Inheritance Tax freezes until 2028

Inheritance Tax freezes this winter until 2028 and hits more people with an IHT bill

Following the recent Autumn Statement announcement that the Inheritance Tax threshold will be frozen until 2028, we look at whether this is positive or negative for the average person.

Whilst not a headline tax increase, it definitely has the hallmark of a stealth tax. Freezing the threshold may sound positive, however in practice this means many more people who do not consider themselves wealthy will be facing an IHT bill.

Freezing Inheritance Tax will hit more people

Inheritance Tax is viewed as a tax on the rich, but after years of continued property price rises, many more people now find themselves hitting the IHT threshold. Clearly, the super-rich are likely to be caught by some form of IHT liability already, so any modest change to the threshold will have minimal effect for them.

Whilst the allowance can be as high as £1m if there is a couple and the house is left to direct descendants and the Property Nil Rate Band is used, the majority of Estates start incurring IHT at lower amounts.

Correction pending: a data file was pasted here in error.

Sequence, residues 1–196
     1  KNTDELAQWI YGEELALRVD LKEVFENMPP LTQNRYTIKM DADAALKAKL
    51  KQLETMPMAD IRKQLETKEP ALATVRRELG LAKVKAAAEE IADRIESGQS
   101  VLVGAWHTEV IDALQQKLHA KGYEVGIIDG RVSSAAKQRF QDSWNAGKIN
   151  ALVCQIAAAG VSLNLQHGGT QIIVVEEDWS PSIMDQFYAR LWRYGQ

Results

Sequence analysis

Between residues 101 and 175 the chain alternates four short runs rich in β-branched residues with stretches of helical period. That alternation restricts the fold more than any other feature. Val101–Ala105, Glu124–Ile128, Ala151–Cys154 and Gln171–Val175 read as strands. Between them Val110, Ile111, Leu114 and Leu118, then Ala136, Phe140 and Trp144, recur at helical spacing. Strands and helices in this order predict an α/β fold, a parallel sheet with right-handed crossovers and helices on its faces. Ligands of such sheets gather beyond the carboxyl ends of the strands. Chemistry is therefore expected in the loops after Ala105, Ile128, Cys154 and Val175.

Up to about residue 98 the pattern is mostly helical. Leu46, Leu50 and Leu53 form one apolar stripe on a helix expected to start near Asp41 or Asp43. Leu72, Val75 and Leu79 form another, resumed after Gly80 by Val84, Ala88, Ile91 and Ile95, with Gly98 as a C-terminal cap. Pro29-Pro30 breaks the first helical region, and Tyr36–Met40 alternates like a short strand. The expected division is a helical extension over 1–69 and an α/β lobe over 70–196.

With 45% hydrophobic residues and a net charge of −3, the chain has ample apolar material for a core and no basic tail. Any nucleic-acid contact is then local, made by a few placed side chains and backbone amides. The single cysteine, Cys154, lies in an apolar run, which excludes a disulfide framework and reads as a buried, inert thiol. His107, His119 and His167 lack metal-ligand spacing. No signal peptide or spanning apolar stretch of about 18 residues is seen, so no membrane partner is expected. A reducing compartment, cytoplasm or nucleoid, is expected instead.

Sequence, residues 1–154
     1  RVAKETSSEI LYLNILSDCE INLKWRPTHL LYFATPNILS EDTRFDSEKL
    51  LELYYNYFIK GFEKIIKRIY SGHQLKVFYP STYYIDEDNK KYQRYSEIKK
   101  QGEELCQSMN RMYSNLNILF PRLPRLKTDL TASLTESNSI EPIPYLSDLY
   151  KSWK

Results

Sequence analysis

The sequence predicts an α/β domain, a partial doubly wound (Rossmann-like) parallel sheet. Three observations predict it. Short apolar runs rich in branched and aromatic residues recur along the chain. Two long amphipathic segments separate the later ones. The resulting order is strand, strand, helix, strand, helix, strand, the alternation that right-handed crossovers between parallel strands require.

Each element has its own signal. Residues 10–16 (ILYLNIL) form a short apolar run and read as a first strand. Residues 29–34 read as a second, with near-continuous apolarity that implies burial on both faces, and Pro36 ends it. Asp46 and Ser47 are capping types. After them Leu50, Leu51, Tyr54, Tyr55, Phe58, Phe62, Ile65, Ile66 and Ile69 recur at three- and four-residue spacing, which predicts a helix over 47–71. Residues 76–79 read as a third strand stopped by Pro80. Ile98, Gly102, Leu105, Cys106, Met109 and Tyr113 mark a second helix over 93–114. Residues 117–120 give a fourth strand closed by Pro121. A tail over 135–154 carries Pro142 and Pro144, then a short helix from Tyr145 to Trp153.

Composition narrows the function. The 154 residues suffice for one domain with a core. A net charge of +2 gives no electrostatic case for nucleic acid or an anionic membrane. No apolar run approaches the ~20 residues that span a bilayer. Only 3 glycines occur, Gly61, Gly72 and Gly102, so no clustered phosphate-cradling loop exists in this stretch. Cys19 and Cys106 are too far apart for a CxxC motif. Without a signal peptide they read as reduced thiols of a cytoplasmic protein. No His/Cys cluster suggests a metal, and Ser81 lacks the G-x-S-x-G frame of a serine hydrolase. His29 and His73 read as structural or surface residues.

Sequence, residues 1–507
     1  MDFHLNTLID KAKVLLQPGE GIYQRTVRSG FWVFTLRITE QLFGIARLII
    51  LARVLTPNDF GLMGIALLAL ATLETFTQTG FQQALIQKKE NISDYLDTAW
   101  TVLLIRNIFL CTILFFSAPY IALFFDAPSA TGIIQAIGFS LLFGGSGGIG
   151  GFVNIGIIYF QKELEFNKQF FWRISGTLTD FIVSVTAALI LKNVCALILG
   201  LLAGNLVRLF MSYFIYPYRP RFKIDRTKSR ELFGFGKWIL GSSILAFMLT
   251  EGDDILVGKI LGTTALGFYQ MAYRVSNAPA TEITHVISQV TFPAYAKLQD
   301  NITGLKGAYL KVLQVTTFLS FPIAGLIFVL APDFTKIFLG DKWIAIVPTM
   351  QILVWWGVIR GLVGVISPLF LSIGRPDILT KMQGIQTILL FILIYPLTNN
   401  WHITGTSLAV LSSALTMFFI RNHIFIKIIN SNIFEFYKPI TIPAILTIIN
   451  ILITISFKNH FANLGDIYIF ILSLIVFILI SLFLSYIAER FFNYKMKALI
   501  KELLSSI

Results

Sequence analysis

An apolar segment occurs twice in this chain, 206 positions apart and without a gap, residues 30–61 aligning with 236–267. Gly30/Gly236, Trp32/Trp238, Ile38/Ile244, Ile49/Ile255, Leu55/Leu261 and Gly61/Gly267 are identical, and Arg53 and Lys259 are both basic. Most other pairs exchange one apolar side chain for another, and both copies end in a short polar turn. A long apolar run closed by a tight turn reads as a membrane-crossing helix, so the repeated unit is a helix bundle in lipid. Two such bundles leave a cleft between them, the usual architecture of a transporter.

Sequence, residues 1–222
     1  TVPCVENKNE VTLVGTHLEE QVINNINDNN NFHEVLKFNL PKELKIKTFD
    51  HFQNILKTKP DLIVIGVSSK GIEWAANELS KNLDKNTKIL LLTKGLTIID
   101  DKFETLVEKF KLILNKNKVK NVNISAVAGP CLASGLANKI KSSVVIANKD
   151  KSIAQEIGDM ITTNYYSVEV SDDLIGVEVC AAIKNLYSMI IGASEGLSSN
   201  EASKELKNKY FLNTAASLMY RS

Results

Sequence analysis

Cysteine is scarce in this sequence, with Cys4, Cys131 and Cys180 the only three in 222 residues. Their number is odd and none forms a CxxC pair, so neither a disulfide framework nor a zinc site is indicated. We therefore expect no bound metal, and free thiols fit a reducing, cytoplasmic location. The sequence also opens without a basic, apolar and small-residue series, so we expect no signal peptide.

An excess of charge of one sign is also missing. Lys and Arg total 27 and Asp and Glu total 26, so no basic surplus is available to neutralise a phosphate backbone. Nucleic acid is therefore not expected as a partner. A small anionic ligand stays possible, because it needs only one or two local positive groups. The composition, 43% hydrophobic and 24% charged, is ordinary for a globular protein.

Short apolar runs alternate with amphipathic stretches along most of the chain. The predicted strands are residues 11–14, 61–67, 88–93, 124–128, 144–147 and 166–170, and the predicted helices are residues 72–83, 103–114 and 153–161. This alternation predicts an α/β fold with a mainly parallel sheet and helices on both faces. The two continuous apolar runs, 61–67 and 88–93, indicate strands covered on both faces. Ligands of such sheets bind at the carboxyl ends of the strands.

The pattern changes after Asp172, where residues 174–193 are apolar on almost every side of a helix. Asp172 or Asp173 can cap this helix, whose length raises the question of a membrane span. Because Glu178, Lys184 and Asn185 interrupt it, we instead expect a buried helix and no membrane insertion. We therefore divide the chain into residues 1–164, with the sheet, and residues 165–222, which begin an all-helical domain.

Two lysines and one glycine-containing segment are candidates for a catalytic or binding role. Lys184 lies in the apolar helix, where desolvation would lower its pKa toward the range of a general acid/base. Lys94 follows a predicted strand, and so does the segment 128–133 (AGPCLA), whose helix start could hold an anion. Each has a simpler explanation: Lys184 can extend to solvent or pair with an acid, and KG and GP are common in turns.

With average property prices having risen from £157,000 in 2009 to £292,000 in 2022 (and increasing share prices – the FTSE100 Share index moving from around 4,000 to over 7,000 over the same period), then freezing the allowance for longer is going to include more estates in the IHT net.

Around 25,000 estates incurred IHT per year pre Covid. This was around just over 4% of all estates applying for probate. Covid caused that figure to increase to 30,000, or 5% of estates, as people were not able to plan to avoid IHT.

Average Inheritance Tax bill continues to rise

In terms of the size of IHT bills, the average IHT bill was around £165,000 in 2010, this has now grown by almost £50,000 to around £215,000. With the freeze in place, the average bill is projected to hit around £280,000 by 2028, a further rise of circa £65,000.

Dicky Davies, Business Development Director and co-founder of Tower Street Finance, said:

“Whilst historically IHT has only been payable on large estates, the continued freezing of allowances, coupled with increasing property and share prices, means that over one in 10 estates are likely to incur IHT going forward. With an average IHT bill of around £200,000 and rising, that means a lot of Executors are going to find themselves struggling to find the money to pay the IHT which is needed in order for them to get the Grant of Probate”.

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This article was submitted to be published by Tower Street Finance as part of their advertising agreement with Today’s Wills and Probate. The views expressed in this article are those of the submitter and not those of Today’s Wills and Probate.

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